In the fall, on Thursday’s, I teach at the University of Virginia. It’s a large class, more than two hundred students, so “teacher voice” matters. Except last week I arrived more or less unable to hear. I was fighting a sinus infection and had stayed up way too late the night before down in front at the Phil Lesh show in Washington and my ears were still ringing. I owned up to my lack of volume control, and its dual causes, so students could tell me if I was yelling or whispering at them rather than pitching at the right volume. Few of them had even heard of Phil Lesh, but after class one student rolled up with a picture of her parents and Bob Weir from earlier in the month. I guess it goes to show, you don’t ever know…
Anyway, Lesh had come to Washington to kick off a few nights of what’s become known as Phil-O-Ween: A fall tour with the Terrapin Family Band, which includes Lesh’s son, and special guests. For this tour, it’s Robert Randolph on pedal steel guitar and Nicki Bluhm on vocals. Bluhm was understated but Randolph added levity and amazing sound. Even better, for a few nights, the Preservation Hall Jazz Band sits in, and plays their own stuff, too. The D.C. show at the brand-new Anthem theater was the kickoff and Lesh’s first visit to D.C. in a while.
They opened with the somewhat obscure “Mason’s Children,” followed by “They Love Each Other,” and Robbie Robertson’s “Broken Arrow.” But things got hot with a rocking “Second That Emotion” followed by “Passenger,” “What She Said” an original and first time song I think, and then an absolutely sizzling “Bertha.” “Cumberland Blues” landed the set.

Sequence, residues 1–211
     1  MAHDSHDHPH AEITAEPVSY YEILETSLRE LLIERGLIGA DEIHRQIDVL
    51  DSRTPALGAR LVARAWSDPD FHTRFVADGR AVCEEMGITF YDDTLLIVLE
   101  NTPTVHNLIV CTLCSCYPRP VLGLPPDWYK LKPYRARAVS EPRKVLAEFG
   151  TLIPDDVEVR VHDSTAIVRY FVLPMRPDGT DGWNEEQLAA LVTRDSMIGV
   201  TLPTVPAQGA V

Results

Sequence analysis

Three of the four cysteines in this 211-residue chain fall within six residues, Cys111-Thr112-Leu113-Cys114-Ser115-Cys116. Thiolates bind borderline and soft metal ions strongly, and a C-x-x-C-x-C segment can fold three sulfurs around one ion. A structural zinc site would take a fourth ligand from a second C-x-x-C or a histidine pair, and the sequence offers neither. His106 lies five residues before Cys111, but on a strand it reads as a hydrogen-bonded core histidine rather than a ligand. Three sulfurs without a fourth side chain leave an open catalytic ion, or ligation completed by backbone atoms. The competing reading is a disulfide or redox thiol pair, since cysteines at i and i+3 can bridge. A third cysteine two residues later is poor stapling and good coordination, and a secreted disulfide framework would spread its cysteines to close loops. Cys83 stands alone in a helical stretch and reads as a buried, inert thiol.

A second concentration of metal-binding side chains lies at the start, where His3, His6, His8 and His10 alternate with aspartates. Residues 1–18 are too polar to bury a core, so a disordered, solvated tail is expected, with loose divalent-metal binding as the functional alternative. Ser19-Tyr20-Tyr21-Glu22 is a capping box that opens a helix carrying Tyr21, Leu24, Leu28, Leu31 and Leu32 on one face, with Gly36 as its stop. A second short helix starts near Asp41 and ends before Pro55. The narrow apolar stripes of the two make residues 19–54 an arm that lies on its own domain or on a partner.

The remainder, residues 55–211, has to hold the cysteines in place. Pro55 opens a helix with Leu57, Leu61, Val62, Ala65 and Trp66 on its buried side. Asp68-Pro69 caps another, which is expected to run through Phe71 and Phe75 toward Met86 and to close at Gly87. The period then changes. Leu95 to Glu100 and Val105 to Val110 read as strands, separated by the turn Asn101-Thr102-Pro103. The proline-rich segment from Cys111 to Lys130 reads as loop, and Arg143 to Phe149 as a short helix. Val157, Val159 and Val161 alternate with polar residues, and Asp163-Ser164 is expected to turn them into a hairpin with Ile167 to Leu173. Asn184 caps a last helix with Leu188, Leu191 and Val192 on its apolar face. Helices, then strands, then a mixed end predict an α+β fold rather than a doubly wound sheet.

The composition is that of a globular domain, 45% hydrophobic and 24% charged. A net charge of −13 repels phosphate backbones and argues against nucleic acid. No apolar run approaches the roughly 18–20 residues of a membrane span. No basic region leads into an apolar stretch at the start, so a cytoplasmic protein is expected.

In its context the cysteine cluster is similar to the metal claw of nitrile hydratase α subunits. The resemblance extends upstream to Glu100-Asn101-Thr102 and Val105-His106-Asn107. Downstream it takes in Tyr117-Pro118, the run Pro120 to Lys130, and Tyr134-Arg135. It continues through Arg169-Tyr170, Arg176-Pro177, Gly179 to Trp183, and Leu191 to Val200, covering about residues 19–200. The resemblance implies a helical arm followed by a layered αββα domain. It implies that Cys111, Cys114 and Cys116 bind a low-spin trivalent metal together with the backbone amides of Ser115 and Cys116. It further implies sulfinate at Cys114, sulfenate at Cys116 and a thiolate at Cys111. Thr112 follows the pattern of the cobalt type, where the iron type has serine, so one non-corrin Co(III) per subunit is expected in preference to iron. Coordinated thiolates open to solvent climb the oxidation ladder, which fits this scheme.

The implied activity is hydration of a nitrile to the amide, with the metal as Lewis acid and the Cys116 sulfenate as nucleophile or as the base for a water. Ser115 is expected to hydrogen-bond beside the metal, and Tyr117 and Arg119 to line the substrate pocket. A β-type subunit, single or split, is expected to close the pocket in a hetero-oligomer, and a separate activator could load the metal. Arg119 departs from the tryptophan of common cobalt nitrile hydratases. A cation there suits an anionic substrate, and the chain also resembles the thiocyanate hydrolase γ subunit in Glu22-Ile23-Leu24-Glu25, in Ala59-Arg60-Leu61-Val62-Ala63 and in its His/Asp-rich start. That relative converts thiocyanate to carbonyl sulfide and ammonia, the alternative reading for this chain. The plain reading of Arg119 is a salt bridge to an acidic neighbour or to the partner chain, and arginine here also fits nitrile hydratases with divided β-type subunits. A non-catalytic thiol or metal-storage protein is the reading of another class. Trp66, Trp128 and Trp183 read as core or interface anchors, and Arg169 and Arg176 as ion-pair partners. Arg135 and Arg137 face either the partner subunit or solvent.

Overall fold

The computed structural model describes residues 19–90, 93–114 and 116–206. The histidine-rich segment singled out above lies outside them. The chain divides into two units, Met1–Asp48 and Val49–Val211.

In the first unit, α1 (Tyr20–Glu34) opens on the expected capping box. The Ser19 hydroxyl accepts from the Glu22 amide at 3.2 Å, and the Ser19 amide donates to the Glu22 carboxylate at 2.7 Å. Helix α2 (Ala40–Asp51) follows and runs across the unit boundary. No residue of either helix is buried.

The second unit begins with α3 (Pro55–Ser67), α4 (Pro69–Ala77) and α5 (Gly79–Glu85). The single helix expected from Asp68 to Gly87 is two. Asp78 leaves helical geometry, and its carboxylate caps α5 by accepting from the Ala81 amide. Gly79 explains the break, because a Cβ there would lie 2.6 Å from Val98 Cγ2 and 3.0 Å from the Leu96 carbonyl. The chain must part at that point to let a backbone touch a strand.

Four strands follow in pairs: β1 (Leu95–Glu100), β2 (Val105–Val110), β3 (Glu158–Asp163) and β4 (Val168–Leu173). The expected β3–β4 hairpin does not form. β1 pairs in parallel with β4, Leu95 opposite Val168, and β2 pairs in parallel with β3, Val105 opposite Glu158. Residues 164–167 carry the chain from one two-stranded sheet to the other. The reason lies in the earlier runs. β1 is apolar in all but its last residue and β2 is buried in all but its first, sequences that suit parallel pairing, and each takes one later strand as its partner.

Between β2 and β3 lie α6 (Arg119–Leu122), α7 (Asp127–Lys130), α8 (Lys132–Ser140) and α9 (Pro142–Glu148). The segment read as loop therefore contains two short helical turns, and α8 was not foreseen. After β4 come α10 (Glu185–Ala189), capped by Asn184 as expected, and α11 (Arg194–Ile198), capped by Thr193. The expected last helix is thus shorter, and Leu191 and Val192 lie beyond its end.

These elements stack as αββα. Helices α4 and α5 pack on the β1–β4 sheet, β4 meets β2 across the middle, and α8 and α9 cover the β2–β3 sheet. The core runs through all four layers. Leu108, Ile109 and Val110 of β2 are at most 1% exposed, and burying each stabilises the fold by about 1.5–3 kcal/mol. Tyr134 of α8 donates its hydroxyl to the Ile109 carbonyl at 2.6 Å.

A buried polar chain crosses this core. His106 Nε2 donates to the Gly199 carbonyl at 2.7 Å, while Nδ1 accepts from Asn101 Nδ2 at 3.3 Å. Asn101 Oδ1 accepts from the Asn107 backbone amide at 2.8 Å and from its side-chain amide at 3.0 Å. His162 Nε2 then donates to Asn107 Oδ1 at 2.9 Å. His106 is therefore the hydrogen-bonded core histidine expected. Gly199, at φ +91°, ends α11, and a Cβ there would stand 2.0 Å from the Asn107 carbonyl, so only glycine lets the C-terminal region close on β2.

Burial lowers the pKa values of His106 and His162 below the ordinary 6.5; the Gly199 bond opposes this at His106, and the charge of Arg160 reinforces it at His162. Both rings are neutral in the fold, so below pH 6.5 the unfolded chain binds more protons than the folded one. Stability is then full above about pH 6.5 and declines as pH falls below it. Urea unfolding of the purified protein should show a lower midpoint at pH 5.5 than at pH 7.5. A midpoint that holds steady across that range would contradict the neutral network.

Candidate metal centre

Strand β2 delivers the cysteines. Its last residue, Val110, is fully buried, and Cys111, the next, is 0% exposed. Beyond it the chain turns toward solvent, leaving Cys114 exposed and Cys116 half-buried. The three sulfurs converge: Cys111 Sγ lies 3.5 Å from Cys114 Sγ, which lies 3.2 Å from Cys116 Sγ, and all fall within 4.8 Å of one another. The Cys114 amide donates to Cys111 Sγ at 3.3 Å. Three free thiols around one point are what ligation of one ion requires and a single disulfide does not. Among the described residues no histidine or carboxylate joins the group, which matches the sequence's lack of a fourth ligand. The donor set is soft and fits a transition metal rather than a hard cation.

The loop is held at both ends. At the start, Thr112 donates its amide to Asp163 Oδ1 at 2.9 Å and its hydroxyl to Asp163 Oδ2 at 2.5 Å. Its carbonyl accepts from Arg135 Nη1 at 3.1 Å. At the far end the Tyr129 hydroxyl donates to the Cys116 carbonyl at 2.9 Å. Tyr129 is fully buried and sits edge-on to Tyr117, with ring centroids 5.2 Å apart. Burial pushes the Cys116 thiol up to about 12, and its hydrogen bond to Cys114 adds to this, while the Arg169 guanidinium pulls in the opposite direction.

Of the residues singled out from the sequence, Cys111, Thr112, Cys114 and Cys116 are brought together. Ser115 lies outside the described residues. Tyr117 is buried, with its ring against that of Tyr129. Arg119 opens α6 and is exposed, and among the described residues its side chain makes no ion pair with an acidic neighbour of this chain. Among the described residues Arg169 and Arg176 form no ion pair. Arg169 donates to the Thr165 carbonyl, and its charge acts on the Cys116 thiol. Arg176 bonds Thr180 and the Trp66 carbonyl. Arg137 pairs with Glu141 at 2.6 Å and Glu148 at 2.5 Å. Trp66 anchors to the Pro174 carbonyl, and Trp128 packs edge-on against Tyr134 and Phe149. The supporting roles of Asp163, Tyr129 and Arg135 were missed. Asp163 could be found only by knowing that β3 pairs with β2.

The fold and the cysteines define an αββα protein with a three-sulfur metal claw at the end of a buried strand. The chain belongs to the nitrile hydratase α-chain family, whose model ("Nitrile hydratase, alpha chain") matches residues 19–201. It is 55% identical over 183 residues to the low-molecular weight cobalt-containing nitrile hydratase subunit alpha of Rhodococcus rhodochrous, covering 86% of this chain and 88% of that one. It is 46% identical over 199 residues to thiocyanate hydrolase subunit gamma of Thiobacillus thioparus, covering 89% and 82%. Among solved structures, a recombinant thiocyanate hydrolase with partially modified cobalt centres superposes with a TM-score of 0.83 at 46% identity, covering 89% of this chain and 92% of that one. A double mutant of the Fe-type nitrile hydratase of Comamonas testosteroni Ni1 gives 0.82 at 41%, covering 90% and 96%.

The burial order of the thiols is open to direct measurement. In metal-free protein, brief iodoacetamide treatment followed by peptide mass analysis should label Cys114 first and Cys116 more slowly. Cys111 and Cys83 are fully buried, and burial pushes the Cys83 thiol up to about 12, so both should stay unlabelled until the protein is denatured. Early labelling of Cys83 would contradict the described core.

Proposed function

The second set opened with the Preservation Hall Jazz Band joining onstage for “Viola Lee Blues” into “The Other One,” both crazy loud and funky with the horns of PHJB and then a loose cover of the Rolling Stones’ “Monkey Man” and a snappy “Throwing Stones.” After that PHJB took over altogether and played several of their songs from their new album and then Phil and Friends came back to go deep into the Terrapin suite of songs, including “Jack ‘O Roses,” a crowd pleasing “I Know You Rider” and up-tempo “Ripple” to send everyone home.
There’s nothing scary about Phil-O-Ween except that none of us are getting any younger. But at 77, Phil still brings it and he brings an obvious contagious enthusiasm for the music and a love for playing it that infects the entire band. It’s hard to miss how much fun they have playing – and how much you’ll have spending a few hours with them.
Full set list here.